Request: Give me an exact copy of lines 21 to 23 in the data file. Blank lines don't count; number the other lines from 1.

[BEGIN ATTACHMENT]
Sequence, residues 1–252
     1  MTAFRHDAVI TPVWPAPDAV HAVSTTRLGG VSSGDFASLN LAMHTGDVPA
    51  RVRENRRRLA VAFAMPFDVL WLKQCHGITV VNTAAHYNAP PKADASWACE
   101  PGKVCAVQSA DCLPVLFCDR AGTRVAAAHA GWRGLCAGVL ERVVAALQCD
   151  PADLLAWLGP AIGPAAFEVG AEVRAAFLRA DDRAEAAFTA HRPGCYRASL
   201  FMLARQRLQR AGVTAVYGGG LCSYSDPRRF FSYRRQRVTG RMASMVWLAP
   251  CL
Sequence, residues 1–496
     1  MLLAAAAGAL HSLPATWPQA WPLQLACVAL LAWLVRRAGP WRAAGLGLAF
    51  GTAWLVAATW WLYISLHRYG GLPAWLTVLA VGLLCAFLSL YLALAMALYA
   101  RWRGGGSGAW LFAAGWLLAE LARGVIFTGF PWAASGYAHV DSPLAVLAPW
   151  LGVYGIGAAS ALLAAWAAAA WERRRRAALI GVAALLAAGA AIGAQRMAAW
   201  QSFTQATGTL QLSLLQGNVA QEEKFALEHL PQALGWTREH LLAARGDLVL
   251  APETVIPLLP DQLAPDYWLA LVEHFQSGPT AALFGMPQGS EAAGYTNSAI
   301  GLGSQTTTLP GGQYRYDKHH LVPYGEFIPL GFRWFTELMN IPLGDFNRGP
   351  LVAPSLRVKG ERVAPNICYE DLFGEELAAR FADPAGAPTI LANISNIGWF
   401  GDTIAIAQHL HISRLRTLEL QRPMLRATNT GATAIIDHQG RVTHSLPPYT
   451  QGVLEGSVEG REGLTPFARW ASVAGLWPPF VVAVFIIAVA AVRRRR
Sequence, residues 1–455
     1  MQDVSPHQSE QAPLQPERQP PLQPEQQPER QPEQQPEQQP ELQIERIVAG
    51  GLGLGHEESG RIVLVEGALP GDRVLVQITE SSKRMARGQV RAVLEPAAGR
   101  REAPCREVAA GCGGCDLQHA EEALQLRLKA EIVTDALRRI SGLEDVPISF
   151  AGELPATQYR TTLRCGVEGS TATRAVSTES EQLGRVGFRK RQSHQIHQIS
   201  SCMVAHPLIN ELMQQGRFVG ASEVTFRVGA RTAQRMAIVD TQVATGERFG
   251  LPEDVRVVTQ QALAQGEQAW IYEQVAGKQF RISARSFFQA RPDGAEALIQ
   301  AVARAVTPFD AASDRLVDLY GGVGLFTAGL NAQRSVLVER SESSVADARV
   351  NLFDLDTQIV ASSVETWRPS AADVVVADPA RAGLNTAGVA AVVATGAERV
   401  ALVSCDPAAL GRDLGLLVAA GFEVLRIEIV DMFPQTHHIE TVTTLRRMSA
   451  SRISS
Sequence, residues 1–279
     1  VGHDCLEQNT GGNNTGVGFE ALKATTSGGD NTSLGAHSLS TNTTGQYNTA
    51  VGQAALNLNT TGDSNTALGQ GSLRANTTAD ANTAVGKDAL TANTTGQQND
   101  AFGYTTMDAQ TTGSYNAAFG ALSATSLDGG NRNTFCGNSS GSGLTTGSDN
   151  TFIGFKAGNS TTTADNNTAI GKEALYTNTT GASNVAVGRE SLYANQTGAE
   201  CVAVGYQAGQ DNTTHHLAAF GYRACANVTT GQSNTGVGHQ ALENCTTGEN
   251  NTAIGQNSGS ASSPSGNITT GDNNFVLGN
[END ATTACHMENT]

    51  GLGLGHEESG RIVLVEGALP GDRVLVQITE SSKRMARGQV RAVLEPAAGR
   101  REAPCREVAA GCGGCDLQHA EEALQLRLKA EIVTDALRRI SGLEDVPISF
   151  AGELPATQYR TTLRCGVEGS TATRAVSTES EQLGRVGFRK RQSHQIHQIS